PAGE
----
A roadside refuelling station near Pyin Oo Lwin (SangOh Jung/Flickr).
Cheaper oil should benefit Myanmar’s consumers and manufacturers, but falling gas prices will hurt the country’s bottom line
Over the past three years, Myanmar’s crumbling streets and highways have begun to heave with late-model cars and trucks, among the most the most visible symbols of rapid economic reforms.
Myanmar’s new drivers haven’t felt much relief at the pump, though, despite a halving in global oil prices since last June. Prices for low-grade petrol have dropped less than 20 US cents per litre over the past six months, the Myanmar Times reports, a drop of less than 20% from prices in the middle of last year.
The country’s chaotic upstream production and distribution infrastructure – in disarray after five decades of self-rule and mismanagement – is part of the reason why.
Myanmar is reliant on imported oil, an excuse used to justify continuing only small drops in pump prices for consumers.
Although it has modest proven crude reserves – around 50 million barrels – it does not export oil and is home to just three refineries, operated by the state-owned Myanma Petrochemical Enterprise, that date to the 1950s and operate far below capacity.
“As an oil importer, cheaper oil will improve Burma’s trade and current account deficits directly, while also making Burmese exports more competitive by lowering their costs of production,” says Sean Turnell, an expert on Myanmar’s economy and a professor at Macquarie University in Sydney.
Myanmar, however, is a significant exporter of natural gas, resulting in a mixed blessing for its emerging economy. Natural gas royalties are believed to be the government’s single largest source of non-tax revenue, which will temper the benefits provided by plummeting crude prices as gas prices will also fall as a result.
“Under current arrangements, the price that Burma and other countries get for their gas export shipments is linked to the price of oil, with a lag,” Turnell said. “Thus, Burma’s gas export revenues are likely to fall across 2015. To the extent that these revenues fund socially productive government spending, this will have a negative impact on the economy.”
Large-scale natural gas exploitation began in the 1990s with the development of the offshore Yetagun and Yadana fields, with most production exported to Thailand. In 2013, twin pipelines across Myanmar to Yunnan Province in China came online, one of which transports gas from the newly-developed Shwe gas field off the coast of Rakhine state. The other will carry Middle Eastern and African crude, allowing oil shipments to China to bypass the notoriously pirate-plagued Straits of Malacca.
A bidding round that awarded 20 new offshore oil-and-gas concessions to some of the world’s biggest multinationals concluded last March, but their potential returns will remain unknown until comprehensive surveying is completed. The new offshore blocks are also not expected to be productive for another seven to ten years.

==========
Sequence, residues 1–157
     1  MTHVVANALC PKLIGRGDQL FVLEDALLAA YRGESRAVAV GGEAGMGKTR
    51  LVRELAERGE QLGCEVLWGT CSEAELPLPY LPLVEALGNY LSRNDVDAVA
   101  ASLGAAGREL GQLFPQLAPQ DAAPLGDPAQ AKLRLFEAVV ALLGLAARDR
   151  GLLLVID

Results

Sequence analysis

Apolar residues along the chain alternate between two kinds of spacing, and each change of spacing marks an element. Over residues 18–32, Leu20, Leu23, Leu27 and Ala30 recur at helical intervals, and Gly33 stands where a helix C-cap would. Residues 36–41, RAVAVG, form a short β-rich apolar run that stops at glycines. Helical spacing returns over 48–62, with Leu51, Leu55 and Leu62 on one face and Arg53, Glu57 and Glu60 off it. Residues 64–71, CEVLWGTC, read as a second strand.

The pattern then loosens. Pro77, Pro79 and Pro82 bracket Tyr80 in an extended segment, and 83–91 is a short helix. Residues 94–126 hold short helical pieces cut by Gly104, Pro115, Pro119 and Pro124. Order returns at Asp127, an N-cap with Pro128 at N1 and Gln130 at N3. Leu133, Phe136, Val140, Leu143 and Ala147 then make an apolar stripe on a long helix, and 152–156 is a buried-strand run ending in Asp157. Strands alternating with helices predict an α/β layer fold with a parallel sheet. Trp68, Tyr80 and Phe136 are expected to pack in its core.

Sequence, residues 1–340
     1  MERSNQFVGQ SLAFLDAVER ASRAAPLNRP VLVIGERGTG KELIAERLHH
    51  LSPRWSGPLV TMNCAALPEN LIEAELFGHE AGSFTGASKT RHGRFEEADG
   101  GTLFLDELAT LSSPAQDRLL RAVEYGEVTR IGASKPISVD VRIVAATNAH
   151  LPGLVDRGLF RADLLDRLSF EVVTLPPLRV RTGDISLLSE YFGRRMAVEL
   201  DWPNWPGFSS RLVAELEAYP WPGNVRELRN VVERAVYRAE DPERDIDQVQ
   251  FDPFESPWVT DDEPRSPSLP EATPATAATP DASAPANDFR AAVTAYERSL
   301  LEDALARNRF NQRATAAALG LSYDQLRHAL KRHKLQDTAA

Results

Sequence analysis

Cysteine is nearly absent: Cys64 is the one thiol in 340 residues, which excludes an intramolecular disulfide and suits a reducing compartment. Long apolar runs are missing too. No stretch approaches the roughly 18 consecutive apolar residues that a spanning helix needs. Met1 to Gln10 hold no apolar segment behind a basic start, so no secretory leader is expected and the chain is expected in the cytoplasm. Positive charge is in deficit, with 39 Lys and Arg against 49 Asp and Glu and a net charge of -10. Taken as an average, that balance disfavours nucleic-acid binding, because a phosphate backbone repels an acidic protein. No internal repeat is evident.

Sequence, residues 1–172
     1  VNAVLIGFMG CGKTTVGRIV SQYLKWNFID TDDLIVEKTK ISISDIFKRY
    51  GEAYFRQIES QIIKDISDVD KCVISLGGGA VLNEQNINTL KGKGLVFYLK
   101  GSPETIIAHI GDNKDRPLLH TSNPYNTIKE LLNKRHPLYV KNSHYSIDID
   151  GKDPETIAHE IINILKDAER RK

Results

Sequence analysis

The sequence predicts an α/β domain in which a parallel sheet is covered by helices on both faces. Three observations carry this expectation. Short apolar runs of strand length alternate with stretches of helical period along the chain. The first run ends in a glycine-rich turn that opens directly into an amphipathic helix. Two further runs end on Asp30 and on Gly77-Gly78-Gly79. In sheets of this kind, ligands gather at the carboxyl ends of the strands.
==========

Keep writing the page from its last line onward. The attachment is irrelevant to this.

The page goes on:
Tumbling prices have prompted at least one major investor to re-think its investment plans. In December, PTTEP, Thailand’s state-owned oil-and-gas giant, announced that unfavourable market conditions may prompt the company to “adjust” its US$24 billion global five-year investment plan, with further development on two projects in Myanmar – the Zawtika field and the M3 block – potentially facing a partial axe.
“If [oil] prices fall below our projection, we have a room to adjust the investment budget downward in order to maintain our good liquidity and strong performance,” PTTEP’s CEO, Tevin Vongvanich, said.
In the short-to-medium term, low oil prices will have a mixed impact on Myanmar’s balance of payments.
Longstanding trade deficits have been exacerbated by a massive influx of capital goods and foreign investment, laying bare the dangers posed by an over-reliance on royalties from the extractive industries to fund government spending, although cheaper oil will invariably make other exports – such as manufactured goods – more competitive.
“The silver lining here is that lower commodity prices may act as a catalyst for badly needed fiscal reform, although the government has quite a lot on its plate ahead of general elections later this year,” said Andrew Wood, the senior country risk analyst for Myanmar at consultancy Business Monitor International.
He estimates that non-tax income accounted for 74.3 per cent of the government’s total annual revenue between 2006 and 2013, with taxes accounting for a mere 22.8 per cent.
He thus expects lower commodity prices to deal a sharp blow to state revenue. Tax reforms and crackdowns on smuggling are moving ahead in earnest, but government coffers are unlikely to benefit in the short term.
Civil society groups allege that untold billions of dollars of natural gas revenue have been diverted away from public coffers since large-scale exploration and production activities got under way in the 1990s, a function of the endemic corruption that continues to blight Myanmar’s economy.
“Of course, the extent to which the gas revenues are not fully carried through into the government’s coffers, then the losers will be those hoarding them,” Turnell said. “No great social loss from this aspect!”